On Sunday I played an OTB game in my club.  The guy was rated ~250 lower than me, said “wow” learning about my rating, but didn’t hesitate at the board at all. He pressed pretty well playing white Giuoco Piano (Italian game), I had to defend most of the time and finally it went into the drawn R+2p vs. R+2p endgame. Suddenly (he told me later that he thought he has an advantage and played for win) he made a mistake allowing me to activate my rook, so finally I got R+P vs. R.  After suffering a terrible loss in summer in the endgame R+Ps vs. R+Ps I learned Lucena and Philidor positions. I got Lucena only once ( out of ~3000 games online) before that and I drew it.

So, now I get an excellent chance to demonstrate my knowledge.  OK, I carefuly move the bishop pawn with the king,  all games were finished and a few people are watching.  Here I am, proud of myself, doing all by the book and reaching the position, where my nice bridge is almost built.  There is “still” about 5 minutes on the clock. Instead of checking my king and allowing me to finish my bridge ( Rf7+ Kg4  Rg7+ Rg5 ) he suddenly plays Kd2-d3.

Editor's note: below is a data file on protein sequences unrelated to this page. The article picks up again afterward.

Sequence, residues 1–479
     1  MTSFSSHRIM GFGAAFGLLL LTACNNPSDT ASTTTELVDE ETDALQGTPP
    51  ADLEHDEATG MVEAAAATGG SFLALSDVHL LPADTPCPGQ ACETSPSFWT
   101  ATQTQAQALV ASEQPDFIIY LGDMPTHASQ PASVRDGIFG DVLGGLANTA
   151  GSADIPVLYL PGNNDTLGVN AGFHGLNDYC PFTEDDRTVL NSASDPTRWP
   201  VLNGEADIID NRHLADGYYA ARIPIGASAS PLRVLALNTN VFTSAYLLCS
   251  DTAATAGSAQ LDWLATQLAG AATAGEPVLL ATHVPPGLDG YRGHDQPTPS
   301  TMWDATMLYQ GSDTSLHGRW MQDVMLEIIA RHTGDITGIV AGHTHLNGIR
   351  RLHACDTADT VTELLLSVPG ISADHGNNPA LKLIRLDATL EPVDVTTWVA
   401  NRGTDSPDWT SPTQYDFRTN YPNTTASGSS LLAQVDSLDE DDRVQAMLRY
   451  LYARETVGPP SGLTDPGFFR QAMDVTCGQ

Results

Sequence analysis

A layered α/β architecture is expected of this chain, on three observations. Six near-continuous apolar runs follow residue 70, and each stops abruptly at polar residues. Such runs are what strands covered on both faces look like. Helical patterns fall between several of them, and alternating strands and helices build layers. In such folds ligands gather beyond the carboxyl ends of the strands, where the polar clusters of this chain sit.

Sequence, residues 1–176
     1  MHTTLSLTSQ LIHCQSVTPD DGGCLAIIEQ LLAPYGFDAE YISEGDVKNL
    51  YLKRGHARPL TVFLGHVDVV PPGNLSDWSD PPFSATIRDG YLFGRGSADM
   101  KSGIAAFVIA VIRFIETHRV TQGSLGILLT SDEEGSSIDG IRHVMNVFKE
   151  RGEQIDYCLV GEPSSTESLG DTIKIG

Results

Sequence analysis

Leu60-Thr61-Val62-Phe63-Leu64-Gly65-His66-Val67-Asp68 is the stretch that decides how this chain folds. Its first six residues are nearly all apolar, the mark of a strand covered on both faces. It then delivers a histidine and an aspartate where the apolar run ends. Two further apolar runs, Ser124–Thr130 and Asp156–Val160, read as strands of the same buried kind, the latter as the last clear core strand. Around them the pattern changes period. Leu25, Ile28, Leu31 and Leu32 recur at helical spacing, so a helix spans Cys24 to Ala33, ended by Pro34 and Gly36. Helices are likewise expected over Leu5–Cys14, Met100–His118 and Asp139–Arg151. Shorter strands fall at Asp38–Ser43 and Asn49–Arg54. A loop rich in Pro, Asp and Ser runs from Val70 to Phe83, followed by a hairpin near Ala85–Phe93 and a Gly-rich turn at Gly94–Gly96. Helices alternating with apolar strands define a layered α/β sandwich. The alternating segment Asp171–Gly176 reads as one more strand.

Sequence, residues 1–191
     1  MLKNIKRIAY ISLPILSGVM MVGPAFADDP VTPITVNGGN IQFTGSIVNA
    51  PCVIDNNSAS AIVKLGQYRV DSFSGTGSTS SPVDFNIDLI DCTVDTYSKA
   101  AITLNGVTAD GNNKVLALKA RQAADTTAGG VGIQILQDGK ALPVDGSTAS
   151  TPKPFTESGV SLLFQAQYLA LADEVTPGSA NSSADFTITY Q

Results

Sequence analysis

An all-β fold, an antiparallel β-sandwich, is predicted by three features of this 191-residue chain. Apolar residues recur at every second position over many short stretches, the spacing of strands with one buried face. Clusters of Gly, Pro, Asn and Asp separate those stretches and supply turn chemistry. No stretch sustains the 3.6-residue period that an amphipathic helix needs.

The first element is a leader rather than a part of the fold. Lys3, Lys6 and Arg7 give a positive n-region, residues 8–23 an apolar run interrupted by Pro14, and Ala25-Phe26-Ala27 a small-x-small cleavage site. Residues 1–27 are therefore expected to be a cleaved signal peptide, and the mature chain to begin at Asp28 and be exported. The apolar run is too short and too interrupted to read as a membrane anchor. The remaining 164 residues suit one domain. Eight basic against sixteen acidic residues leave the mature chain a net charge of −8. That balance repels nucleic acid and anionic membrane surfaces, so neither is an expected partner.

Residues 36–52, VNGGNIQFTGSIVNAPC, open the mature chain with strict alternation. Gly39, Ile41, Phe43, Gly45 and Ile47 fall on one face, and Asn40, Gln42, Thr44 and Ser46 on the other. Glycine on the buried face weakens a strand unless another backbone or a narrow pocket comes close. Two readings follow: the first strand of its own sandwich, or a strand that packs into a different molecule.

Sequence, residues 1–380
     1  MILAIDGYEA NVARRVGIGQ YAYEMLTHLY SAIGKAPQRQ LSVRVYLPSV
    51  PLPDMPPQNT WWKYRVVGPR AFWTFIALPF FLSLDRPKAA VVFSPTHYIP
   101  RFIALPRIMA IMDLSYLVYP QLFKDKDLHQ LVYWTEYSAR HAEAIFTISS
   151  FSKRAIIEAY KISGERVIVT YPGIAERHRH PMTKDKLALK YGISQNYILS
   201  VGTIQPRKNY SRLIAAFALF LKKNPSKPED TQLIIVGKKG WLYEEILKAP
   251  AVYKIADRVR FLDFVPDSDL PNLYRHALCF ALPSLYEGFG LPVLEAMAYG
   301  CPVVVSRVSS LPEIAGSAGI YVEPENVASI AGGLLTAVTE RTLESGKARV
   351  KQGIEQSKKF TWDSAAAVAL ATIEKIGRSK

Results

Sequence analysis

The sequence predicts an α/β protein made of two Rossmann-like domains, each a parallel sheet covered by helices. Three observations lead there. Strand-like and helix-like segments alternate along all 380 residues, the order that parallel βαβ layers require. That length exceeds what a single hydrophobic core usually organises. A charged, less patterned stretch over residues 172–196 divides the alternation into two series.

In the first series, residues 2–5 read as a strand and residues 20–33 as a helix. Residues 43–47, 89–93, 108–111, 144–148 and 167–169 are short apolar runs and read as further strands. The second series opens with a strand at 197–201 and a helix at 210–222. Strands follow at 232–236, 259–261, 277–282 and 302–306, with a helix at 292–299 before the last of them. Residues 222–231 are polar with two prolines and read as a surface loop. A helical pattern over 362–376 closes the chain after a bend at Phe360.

I think, how I should proceed and see Re4. There is something that I don’t like about it, but time goes, I have to move, so I do it. Suddenly he with a little “boom” takes my pawn …

I was humiliated, I came home and felt sick. The worst draw I ever had.  I spoiled my Lucena.

I think I was concentrated too much on the “bridge” part of the board and forgot about the pawn.  Maybe time was the factor too, having let’s say 20 minutes I would probably see it. Also, simple things like this I see OK in the middlegame having a little time (pattern recognition), but this is an endgame pattern (with the king), there are no such positions in the middlegame. 

So, somehow I should get that experience of playing endgames.  And of course, I should study them, this game was a pretty convincing argument.

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